Dr. Balentine received his undergraduate degree from McDaniel College in Westminster, Maryland. He attended medical school at the Philadelphia College of Osteopathic Medicine graduating in1983. He completed his internship at St. Joseph's Hospital in Philadelphia and his Emergency Medicine residency at Lincoln Medical and Mental Health Center in the Bronx, where he served as chief resident.
Melissa Conrad Stöppler, MD, is a U.S. board-certified Anatomic Pathologist with subspecialty training in the fields of Experimental and Molecular Pathology. Dr. Stöppler's educational background includes a BA with Highest Distinction from the University of Virginia and an MD from the University of North Carolina. She completed residency training in Anatomic Pathology at Georgetown University followed by subspecialty fellowship training in molecular diagnostics and experimental pathology.
Pancreatitis simply means inflammation of the pancreas. Located in
the upper part of the abdomen, behind the stomach, the pancreas plays an
important role in digestion. The pancreas is a gland, producing
two main types of substances: digestive juices and digestive hormones.
Digestive juices include
enzymes and bicarbonate. They
travel through a small tube called the pancreatic duct that connects the
pancreas to the small intestine to the small intestine
There, the enzymes help in the break down of proteins and fats
in the foods that you eat to permit the nutrients to be absorbed.
The bicarbonate neutralizes stomach acid.
mainly insulin and glucagon, are released into the bloodstream. They control the body's blood sugar
level, a major source of energy, and are an important role in the cause of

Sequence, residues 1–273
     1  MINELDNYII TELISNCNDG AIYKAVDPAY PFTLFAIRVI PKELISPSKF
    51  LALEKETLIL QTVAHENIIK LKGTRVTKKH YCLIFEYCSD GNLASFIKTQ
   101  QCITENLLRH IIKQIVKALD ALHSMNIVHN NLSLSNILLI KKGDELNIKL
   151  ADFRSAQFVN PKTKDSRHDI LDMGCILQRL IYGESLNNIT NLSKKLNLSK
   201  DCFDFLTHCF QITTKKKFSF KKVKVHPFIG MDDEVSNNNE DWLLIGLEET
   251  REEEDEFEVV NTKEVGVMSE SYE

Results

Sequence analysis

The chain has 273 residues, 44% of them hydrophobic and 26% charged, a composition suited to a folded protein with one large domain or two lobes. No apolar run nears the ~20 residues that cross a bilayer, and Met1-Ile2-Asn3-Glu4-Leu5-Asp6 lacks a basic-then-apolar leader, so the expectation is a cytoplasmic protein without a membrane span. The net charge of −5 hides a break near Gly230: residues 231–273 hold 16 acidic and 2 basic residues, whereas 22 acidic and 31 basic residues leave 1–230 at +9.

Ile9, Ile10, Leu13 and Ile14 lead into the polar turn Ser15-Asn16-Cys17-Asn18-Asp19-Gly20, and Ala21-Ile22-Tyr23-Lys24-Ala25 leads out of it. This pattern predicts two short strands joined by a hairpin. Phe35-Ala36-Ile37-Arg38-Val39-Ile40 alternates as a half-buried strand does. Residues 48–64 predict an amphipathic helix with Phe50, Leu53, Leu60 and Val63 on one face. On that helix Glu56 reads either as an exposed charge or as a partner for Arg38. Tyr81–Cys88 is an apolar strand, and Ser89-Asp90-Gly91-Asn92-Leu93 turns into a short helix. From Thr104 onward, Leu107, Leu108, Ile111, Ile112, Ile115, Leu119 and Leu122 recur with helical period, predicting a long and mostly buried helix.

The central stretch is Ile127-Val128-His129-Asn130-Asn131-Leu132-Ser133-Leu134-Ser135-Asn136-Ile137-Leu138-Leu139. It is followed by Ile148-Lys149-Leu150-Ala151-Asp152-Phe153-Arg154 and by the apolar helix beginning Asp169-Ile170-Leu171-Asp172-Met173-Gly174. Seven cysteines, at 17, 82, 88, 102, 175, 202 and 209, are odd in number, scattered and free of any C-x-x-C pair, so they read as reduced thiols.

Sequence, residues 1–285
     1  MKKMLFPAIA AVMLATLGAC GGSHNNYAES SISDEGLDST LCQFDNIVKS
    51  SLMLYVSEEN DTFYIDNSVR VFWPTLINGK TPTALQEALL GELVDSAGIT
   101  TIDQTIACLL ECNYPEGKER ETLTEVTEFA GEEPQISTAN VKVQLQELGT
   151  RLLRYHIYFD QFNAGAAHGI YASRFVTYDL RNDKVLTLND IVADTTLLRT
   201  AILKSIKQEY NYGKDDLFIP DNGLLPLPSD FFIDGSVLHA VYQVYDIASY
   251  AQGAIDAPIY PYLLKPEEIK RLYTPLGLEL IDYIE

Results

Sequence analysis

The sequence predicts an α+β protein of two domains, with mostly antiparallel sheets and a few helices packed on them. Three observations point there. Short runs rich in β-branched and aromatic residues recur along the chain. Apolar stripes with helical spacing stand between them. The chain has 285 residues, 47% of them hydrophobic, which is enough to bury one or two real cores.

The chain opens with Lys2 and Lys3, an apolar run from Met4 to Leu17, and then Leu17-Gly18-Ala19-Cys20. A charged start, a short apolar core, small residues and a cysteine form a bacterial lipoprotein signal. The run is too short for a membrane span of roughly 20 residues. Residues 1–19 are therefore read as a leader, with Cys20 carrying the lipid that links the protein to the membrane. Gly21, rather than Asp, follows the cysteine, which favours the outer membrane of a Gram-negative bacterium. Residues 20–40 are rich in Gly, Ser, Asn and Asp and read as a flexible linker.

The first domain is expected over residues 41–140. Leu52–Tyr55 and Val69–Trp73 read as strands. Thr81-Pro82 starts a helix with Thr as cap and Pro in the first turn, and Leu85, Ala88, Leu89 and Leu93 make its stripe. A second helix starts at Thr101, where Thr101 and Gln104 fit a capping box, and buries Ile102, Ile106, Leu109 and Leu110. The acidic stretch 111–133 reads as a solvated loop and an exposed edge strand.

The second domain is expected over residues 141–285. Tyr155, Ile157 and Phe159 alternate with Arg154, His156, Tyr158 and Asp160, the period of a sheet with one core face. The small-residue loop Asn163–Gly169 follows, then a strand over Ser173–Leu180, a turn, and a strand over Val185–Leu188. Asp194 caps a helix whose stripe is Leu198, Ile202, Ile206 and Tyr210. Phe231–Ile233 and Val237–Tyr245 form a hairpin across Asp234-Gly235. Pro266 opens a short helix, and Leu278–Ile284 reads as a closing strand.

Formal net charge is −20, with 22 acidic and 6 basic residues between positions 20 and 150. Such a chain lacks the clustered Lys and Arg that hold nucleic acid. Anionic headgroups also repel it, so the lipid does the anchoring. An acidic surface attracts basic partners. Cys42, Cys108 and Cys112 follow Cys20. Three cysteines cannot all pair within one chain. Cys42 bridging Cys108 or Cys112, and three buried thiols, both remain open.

Inflammation of the pancreas has various causes. Once
the gland becomes inflamed, the condition can progress to swelling of the gland
and surrounding blood vessels, bleeding, infection, and damage to the gland. There, digestive
juices become trapped and start "digesting" the pancreas itself. If this damage
persists, the gland may not be able to carry out normal functions.
Pancreatitis may be acute (new, short-term) or chronic
(ongoing, long-term). Either type can be very severe, even life-threatening. Either type can have serious complications.
Acute pancreatitis usually begins soon after the damage to the pancreas begins. Attacks are typically very mild, but about 20% of them are very severe. An attack lasts for a short time and usually resolves completely as the pancreas returns to its normal state. Some people have only one attack, whereas other people have more than one attack, but the pancreas always returns to its normal state.
Chronic pancreatitis begins as acute pancreatitis. If the pancreas becomes scarred during the attack of acute pancreatitis, it cannot return to its normal state. The damage to the gland continues, worsening over time.
About 80,000 cases of acute pancreatitis occur in the United States each year. Pancreatitis
can occur in people of all ages, although it is very rare in children.
Pancreatitis occurs in men and women, although chronic pancreatitis is more
common in men than in women.
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The main symptom of sudden (acute) pancreatitis is sudden moderate to severe pain in the upper area of the belly (abdomen). Occasionally the pain is mild. But the pain may feel as though it bores through the abdomen to the back. Sitting up or leaning forward sometimes makes the pain less. Other symptoms of an attack of pancreatitis are:
Nausea and vomiting.
Fast heart rate.
Yellowing of the skin or the whites of the eyes (jaundice).
Long-term (chronic) pancreatitis also causes severe pain in the upper abdomen. As the condition progresses, fat may be released into your stools, indicating that your body is not absorbing fat and protein. As a result, you may have diarrhea and lose weight. You also could develop diabetes if your pancreas no longer produces enough insulin.
Other conditions that have similar symptoms include bowel obstruction, appendicitis, cholecystitis, peptic ulcer disease, and irritable bowel syndrome (IBS).
The pancreas is a gland located in the upper, posterior abdomen and is responsible for insulin production (endocrine pancreas) and the manufacture and secretion of digestive enzymes (exocrine pancreas) leading to carbohydrate, fat, and protein metabolism.